He described Davis as “a real threat to our campaign.”

"We do not need to give them any help,” he said. “Instead of continuing to be at odds with each other and ourselves within the party, we need to come together as we begin this fight.”

No candidates have followed Fitzgerald’s advice to drop out.

A Republican consultant, who asked for anonymity to speak candidly, called the candidates running in the 2nd District “maybe the weakest field in a Republican seat that you will ever find.”

Former Kansas Commerce Secretary Antonio Soave dropped out of the race in November after a Kansas City Star investigation into contracts that went to his personal friends during his tenure at the agency.

Tyler Tannahill, a Marine veteran in the race, faced a wave of criticism last month for continuing with an AR-15 giveaway in the wake of the high school shooting in Parkland, Fla.

The consultant, who works on races in Kansas, pointed to Davis’ strong fundraising, the weak GOP field and the difficult election environment for Republicans nationally as reasons the seat could be flipped unless the national party gets heavily involved in the race.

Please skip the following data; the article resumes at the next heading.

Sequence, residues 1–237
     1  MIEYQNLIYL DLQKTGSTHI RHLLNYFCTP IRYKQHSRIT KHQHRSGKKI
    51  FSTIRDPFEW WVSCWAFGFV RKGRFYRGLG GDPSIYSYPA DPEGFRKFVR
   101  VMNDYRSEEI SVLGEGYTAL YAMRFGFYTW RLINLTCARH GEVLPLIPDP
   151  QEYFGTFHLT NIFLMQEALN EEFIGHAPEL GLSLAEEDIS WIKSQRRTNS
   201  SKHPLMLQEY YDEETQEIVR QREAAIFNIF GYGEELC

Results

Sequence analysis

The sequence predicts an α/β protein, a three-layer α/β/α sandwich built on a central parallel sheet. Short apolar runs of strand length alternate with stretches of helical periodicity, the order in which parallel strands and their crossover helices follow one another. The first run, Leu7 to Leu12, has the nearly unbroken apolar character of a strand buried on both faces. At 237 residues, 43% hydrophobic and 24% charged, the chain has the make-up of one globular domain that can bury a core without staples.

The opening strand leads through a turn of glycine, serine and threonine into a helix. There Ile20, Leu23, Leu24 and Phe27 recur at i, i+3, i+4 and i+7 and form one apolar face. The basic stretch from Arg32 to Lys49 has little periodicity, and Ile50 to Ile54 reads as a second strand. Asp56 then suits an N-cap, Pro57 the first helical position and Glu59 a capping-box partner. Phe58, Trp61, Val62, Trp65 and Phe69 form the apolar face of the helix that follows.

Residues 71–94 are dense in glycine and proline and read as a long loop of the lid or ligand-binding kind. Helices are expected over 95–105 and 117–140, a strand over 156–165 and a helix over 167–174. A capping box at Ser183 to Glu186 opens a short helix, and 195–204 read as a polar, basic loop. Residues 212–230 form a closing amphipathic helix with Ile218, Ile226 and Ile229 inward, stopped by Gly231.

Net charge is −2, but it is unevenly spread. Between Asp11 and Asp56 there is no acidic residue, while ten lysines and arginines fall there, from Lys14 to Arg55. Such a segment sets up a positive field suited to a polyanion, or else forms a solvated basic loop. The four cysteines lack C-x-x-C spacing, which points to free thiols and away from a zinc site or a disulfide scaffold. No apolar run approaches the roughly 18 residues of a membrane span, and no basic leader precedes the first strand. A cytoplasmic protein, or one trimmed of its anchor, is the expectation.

“And it just so happens the day the primary’s over we’re going to have the best of a field of bad candidates facing a guy with seven figures in the bank,” the consultant said.

“I think we’ve got a terrible field of candidates and if the environment remains the way it is, as crazy as it sounds I think the Republican’s the underdog the day the primary’s over.”

Many prominent Republicans, including Kansas Attorney General Derek Schmidt and state Treasurer Jake LaTurner, live in the district but opted not to enter the race, a fact noted by Davis’ political mentor, Kansas Senate Minority Leader Anthony Hensley.

“One of the reasons they can’t find a serious contender is because that serious contender is looking at who they’d have to face in the general. And that’s Paul Davis. I would think a lot of people who are current elected officials would not take the risk of losing their seat,” said Hensley, a Topeka Democrat.